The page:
So please listen! You also get an explanation of the Inglorious 12th of August. I hope you understand why stomping on a nest of innocent Hen Harrier chicks makes me ill and causes my anxiety to rise. The wealthy pay 1000s of GBP per day to shoot grouse but they also stay in hotels, eat at restaurants, and spend money in the villages. The fines and punishments mean nothing because killing birds is big business with the Driven Grouse Moors seen to be a ‘part of traditional Britain’ – which they are. We live in the 21st century and our attitudes towards killing have changed since medieval times.

There are three episodes. Educate yourself and listen to all of them. Imagine the vast expanse of Scotland because this is where this happens.

Part One. Susie’s Chicks

Part Two. The Perfect Crime.

Part Three. An Open Secret

There are so many good books out there on Hen Harriers. They are such beautiful raptors. These are two of my favourites:

At Patchogue, Mini had four fish on Thursday. She ate the majority of each of them proving that she is adapting to her situation. It has been over a week now that she appeared on the nest with her injury.

When there is not much of the fish left – or if they are small, to begin with – Mini has difficulties because she still cannot put weight on that left leg. She can’t hold down the fish and pull. Today, she was persistent in working on the tail of one of those deliveries. Tried to work on a tiny piece! Dad brought the fourth fish in, a small one, late in the day. Mini worked and worked, and she succeeded – this fish, not a bite of it, went overboard.

Gosh, she is beautiful.

Mini is desperately trying to get every morsel of that fish tail.

Mini worked and worked an she horked all of that fish tail!

All gone.

We have to watch Mini’s progress. She appears more steady on her legs, less wobbly – although at the end of the day – around 1952 when she flew off the perch she appeared to have trouble -, uses her wings to help her, and is enthusiastic in her fish calling. She is flying. Dad continues to feed his youngest. What we know about Mini’s personality is this – she survived against great odds – one of only a few (I have to find those stats) fourth hatches to live this season. She is intelligent, tenacious, and she does not give up. She works hard. If all of my university students had those qualities, teaching would have been a breeze!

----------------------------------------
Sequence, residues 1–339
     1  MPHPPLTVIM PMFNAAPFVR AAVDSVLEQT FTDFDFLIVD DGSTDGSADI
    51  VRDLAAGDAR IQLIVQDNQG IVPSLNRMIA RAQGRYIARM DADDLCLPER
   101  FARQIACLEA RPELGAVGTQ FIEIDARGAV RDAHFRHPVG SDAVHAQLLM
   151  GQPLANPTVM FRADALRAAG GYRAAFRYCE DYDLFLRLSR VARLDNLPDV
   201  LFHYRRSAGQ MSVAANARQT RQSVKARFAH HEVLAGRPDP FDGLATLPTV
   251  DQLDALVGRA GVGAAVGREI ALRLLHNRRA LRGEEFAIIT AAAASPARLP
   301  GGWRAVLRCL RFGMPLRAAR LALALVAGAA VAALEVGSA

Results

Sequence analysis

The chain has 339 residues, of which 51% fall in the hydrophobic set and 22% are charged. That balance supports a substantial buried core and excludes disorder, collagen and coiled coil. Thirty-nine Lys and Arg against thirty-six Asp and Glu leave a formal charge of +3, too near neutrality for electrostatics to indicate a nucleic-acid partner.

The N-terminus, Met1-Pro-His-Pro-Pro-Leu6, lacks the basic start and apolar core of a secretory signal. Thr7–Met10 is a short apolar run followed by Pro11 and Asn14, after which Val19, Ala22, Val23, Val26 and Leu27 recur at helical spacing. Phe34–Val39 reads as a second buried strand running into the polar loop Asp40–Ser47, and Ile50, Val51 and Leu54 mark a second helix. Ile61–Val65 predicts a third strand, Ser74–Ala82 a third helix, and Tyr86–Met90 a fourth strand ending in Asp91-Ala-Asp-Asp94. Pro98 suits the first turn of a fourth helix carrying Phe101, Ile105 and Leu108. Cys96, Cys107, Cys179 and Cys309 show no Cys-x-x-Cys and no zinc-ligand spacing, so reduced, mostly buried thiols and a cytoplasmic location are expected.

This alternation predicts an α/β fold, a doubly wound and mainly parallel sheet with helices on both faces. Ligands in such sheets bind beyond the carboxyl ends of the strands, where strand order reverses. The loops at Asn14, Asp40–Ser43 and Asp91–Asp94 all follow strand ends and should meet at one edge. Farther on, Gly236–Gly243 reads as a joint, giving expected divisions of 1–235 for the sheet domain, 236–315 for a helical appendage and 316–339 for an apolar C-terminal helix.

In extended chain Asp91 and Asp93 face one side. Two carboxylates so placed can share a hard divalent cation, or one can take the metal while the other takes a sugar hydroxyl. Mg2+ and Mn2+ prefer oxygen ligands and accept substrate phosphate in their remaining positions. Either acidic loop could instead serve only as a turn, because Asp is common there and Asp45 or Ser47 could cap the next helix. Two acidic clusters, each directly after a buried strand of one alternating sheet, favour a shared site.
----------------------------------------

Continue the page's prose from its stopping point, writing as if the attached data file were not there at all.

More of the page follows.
Good Night, Mini.

There is good news about Ervie who is enjoying Turnby Bay!

Waiting and watching as Dad continues to deliver fish to Mum at Port Lincoln.

At Sydney Sea Eagles, little 32 (noticeably smaller now than 32) still waits submissively while 31 eats. The fish was very large, and 31 was full, and the baby ate. The pattern of domination was set early. We can still see some of the feathers missing from 32.

“A’ gives us the rundown: “Dad came to the nest shortly after 9.35 and asked Lady whether it was okay for him to have some of the leftover fish. Surprisingly, she actually agreed! She stood up from brooding the chicks and flew off, leaving him to have a snack and then feed the remainder of the fish to SE31 (well, SE32 got about half a dozen or perhaps eight mouthfuls at the beginning of the feed, but as soon as SE31 beaked him, pulled out another beakful of feathers (she can’t shake SE32 any more – he’s too big now – but still grabs a beakful of feathers somewhere on SE32’s head or neck and twists back and forth till he pulls out the feathers, leaving herself spitting out fluff), he went into submission. Late in the feed, Dad tried to offer him a bite but SE32 shrank away, which confused Dad, who didn’t try again. SE32 still has a huge crop from breakfast, so if he doesn’t eat again for the rest of the day, he will be fine… As long as SE31 has had enough, she is perfectly happy to watch her little brother stuffing himself to the brim. On other occasions, though, she continues to return to the table, and as long as she is that close, SE32 is fearful, with good reason, as SE31 will often react to any food given to SE32 by beaking him.”